Why dust bathing?

It is always interesting to watch the zebra when they are “on the roll”

In Summary

• Possible reasons include a protective dust layer to minimise parasites and thermo-cooling their coats

A zebra dust bathing
A zebra dust bathing

It has always been a favourite habit of mine to approach a herd of zebra, slowly idle and edge the vehicle closer and closer until virtually in the middle of the herd, and then switch off the vehicle and observe them.

A particularly strange activity that they do is to find a patch of dust and then repeatedly roll in it, effectively dust bathing their coats. Often, the herd seemingly waits in line to all roll on exactly the same dust spot.

There are various possible reasons for this behaviour, including a protective dust layer that results in minimising parasites and thermo-cooling their coats in the African heat. Maybe the action could also be linked to communal scent marking of the herd?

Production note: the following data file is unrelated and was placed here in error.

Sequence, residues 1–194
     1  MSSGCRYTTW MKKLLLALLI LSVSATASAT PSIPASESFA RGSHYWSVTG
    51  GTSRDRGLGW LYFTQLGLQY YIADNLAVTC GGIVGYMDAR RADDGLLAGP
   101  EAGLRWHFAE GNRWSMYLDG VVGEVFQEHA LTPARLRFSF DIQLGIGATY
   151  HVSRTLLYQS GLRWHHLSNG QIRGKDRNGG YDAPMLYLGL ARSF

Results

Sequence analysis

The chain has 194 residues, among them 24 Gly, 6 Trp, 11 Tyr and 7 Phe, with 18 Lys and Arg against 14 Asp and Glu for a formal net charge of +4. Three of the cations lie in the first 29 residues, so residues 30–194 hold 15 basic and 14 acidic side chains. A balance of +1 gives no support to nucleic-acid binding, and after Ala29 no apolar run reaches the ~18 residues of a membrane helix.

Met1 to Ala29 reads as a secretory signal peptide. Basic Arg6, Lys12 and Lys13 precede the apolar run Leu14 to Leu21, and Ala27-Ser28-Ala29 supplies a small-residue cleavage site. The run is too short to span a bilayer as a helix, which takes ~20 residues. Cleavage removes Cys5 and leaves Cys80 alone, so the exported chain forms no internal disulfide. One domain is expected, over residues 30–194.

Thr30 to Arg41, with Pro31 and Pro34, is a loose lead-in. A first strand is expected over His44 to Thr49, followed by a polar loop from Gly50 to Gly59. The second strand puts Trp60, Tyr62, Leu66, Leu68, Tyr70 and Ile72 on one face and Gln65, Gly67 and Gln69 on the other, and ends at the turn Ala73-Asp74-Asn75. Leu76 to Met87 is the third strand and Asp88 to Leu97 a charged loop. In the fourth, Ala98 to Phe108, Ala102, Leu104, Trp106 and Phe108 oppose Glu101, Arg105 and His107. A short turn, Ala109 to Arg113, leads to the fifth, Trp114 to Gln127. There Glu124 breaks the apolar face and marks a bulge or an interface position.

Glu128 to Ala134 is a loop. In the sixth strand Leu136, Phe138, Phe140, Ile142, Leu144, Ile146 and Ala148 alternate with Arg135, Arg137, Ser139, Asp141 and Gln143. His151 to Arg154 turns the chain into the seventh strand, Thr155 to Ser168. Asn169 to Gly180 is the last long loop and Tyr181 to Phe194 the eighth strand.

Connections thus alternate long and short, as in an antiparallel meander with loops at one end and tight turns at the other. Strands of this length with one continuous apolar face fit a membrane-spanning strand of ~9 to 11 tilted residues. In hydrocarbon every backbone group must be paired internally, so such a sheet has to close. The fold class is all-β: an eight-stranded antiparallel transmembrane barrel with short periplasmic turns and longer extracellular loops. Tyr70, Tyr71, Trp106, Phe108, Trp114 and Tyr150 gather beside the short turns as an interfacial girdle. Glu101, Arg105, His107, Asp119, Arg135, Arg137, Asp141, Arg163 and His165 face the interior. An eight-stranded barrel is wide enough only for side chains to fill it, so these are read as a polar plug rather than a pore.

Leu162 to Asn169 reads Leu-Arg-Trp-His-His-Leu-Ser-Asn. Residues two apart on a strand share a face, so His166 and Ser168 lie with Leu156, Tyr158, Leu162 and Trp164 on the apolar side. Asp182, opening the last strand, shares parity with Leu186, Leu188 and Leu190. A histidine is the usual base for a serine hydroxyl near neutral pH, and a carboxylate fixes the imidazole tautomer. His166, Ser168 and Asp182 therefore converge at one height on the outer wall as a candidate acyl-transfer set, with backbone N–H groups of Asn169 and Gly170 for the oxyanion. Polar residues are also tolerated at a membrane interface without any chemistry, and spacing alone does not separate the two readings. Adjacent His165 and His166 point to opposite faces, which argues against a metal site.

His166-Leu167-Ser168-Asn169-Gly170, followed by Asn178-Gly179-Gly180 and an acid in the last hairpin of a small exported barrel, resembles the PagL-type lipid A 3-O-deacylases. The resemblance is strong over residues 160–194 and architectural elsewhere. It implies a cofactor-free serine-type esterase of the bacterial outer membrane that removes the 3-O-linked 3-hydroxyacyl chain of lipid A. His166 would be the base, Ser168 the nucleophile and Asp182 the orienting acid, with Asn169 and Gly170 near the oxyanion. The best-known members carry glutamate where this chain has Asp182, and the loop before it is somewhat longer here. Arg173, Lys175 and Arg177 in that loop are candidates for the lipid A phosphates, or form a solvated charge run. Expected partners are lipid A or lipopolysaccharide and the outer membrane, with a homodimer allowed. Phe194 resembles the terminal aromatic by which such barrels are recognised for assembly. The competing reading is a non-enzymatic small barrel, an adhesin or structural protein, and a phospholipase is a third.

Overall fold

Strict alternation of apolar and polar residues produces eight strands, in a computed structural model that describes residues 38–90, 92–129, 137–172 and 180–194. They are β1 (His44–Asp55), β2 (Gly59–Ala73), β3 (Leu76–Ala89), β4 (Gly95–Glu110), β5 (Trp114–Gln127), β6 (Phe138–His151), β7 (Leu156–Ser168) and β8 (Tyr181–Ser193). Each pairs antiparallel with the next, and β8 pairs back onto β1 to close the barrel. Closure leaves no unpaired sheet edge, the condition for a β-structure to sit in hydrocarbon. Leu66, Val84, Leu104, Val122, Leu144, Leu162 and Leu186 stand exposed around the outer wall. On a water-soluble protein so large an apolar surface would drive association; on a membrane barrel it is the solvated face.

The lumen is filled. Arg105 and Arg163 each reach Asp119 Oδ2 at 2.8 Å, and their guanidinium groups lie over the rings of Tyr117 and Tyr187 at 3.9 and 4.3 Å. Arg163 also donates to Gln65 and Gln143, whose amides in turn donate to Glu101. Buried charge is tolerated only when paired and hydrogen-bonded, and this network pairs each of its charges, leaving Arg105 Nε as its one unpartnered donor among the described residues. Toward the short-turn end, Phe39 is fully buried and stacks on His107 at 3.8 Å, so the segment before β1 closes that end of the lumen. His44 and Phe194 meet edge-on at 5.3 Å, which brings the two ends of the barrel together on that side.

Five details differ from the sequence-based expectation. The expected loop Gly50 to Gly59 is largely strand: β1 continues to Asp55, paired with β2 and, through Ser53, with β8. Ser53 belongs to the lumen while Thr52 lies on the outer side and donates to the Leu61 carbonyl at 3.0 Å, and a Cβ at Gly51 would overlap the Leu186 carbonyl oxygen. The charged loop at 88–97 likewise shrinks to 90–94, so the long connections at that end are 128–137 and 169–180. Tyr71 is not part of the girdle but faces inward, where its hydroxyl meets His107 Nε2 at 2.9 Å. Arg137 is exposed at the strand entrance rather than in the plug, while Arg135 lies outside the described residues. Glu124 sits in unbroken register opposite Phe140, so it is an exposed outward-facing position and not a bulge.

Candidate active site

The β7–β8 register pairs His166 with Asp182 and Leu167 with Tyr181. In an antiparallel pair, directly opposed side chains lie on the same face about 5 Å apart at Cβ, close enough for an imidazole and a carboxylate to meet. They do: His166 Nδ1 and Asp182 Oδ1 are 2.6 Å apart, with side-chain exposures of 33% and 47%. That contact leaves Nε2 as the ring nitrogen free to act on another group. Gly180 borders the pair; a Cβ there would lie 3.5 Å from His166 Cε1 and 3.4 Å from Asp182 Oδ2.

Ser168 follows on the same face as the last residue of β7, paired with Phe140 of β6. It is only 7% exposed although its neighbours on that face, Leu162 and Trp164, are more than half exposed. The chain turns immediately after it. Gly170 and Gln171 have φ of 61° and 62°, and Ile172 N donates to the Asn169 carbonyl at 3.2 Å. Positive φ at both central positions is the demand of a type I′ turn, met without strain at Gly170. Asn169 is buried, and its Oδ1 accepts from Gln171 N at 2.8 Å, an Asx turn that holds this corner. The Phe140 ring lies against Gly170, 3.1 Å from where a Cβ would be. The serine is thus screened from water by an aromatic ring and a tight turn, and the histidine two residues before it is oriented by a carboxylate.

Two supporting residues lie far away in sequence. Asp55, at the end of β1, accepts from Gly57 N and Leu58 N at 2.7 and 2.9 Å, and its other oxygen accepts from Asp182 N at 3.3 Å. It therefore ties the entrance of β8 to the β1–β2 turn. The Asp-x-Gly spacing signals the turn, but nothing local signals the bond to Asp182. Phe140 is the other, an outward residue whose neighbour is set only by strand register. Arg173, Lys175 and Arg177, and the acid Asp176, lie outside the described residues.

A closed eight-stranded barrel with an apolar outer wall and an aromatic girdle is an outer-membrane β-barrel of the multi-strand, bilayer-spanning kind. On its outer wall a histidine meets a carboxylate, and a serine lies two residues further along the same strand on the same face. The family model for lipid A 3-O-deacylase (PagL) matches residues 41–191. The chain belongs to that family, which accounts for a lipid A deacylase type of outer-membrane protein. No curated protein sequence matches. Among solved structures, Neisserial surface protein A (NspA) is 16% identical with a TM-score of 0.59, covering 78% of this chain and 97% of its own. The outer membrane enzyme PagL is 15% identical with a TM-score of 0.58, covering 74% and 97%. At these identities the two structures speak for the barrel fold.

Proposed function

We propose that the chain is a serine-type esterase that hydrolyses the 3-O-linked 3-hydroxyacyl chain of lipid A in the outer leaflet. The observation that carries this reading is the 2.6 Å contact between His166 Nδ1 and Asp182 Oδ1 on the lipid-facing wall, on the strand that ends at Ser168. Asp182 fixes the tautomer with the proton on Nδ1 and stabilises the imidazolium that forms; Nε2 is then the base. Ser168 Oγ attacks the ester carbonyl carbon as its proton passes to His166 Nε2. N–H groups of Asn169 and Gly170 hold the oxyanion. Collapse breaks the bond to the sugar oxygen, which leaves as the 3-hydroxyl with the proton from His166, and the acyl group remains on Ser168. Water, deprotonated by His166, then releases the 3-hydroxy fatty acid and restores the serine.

Some research scientists also believe that pheromones could also be released in the dust, and in so doing, tell other zebra what the current status of a particular zebra is. Whatever the reasons, it is always interesting to watch the zebra when they are “on the roll”.

Many bird species also take regular dust baths. Much the same way that animals clean their fur and skin and soothe itching and irritation by dust bathing, water bathing and mud wallowing, birds clean their feathers and skin by dust and water bathing.

It is extremely important for birds to constantly groom their feathers to keep them clean and functional. Most birds have a preen gland, which secretes an oil used for preening and grooming, so dust bathing helps absorb any excess oil and also removes dry skin and other debris.

Birds species that do not regularly dust bathe will have feathers that are oily and matted. Bird species use dust baths to help keep their feathers clean and dry. A major reason for dust bathing is to discourage parasite infestation on their physical bodies.